[Wikimedia-l] Thanking anonymous users

Mark delirium at hackish.org
Thu Jan 16 22:02:30 UTC 2014

On 1/14/14, 5:56 AM, Tim Starling wrote:
> On 14/01/14 15:38, Marc A. Pelletier wrote:
>> On 01/13/2014 11:20 PM, Tim Starling wrote:
>>> The English
>>> Wikipedia edit rate has been declining since about January 2007, and
>>> is now only 67% of the rate at that time. A linear regression on the
>>> edit rate from that time predicts death of the project at around 2030.
>> That's...  come /on/ Tim!  You know better than to say silly things like
>> that.
>> The abuse filter alone could very well account for this (the prevented
>> edits and the revert that would have taken place).  :-)  I used to do a
>> lot of patrol back in those years and - for nostalgia's sake - I tried
>> doing a bit over a year ago.  The amount of "surface" vandalism has gone
>> down a *lot* since.
> Reversing the decline in editor population has been a major strategic
> priority of WMF for many years. You are saying you have never heard of
> it before? Well, here is some reading material for you:

I have heard much about the strategic priority, but much less about the 
rigorous data analysis. In particular, I have yet to see a demonstration 
that there is actually a decline in what we might call the "productive 
editor" population, people adding things to articles or otherwise 
improving them. Instead what's usually quoted are raw counts, things 
like "number of accounts that have made >5 edits in a month". But of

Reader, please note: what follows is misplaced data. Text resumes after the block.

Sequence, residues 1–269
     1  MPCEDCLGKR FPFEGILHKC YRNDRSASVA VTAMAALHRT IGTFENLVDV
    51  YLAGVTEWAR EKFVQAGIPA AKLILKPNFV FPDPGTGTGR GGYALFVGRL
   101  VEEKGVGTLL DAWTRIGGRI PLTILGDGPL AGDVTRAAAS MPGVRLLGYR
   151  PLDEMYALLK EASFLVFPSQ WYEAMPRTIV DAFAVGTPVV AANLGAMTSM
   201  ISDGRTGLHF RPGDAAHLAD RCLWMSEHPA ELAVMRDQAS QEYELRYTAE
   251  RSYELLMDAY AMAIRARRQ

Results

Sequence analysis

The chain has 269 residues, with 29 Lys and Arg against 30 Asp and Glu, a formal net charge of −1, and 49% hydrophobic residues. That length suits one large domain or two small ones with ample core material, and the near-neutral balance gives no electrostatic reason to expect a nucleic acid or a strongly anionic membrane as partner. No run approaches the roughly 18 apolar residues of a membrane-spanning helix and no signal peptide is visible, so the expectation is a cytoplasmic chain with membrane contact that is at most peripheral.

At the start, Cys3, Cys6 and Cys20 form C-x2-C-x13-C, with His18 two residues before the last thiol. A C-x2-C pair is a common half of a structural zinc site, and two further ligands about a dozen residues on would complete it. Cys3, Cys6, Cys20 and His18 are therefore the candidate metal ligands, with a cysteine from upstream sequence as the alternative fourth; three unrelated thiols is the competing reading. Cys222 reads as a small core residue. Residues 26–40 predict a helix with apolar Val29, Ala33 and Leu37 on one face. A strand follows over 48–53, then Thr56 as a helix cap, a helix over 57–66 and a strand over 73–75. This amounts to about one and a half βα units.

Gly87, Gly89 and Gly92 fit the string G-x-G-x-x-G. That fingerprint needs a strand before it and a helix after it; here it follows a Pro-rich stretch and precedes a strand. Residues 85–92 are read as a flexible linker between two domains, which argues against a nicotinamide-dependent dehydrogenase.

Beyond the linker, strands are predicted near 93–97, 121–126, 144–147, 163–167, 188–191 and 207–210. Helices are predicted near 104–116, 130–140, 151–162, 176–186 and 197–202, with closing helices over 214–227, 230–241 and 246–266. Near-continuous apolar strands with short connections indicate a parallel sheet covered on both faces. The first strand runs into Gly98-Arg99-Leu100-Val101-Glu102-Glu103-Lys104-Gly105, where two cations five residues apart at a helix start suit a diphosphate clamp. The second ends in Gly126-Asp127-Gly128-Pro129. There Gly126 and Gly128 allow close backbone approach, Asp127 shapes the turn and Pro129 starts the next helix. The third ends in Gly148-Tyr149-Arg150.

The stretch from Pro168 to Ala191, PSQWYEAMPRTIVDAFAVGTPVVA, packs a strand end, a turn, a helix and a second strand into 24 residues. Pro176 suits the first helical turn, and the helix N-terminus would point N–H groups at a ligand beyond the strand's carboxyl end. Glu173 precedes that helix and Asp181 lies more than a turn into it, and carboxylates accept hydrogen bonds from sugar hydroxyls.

course this kind of "blind quantitative" analysis is not a legitimate 
social-science methodology, at least not if some extremely strong 
ceteris-paribus assumptions are first validated.

To just pick one hypothesized confound among many that have been 
discussed on and off, there may have been a decline in the joint 
population of "vandals + vandal-fighters". These are counted as editors 
by the ">5 edits" criterion, but between them produce no net editing, so 
a decline in their joint population is not a real editor decline, and an 
increase in their joint population is not a real editor increase.

Another hypothesized confound is that there has been a wholesale 
replacement of "recent changes patrollers" with bots. A loss of net-95 
editors because 100 people who solely did recent-changes patrol were 
replaced by 5 bots that do the same job would be a decline of 95 
raw-data editors, but not really a net loss in productive editors.

These confounds might, in the end, not account for much after all. But I 
have been looking and haven't found even an attempt to *really* 
substantiate claims that the number of actual encyclopedia editors has 
declined, versus just superficial quantitative analysis of the 
accounts-making-edits raw data.


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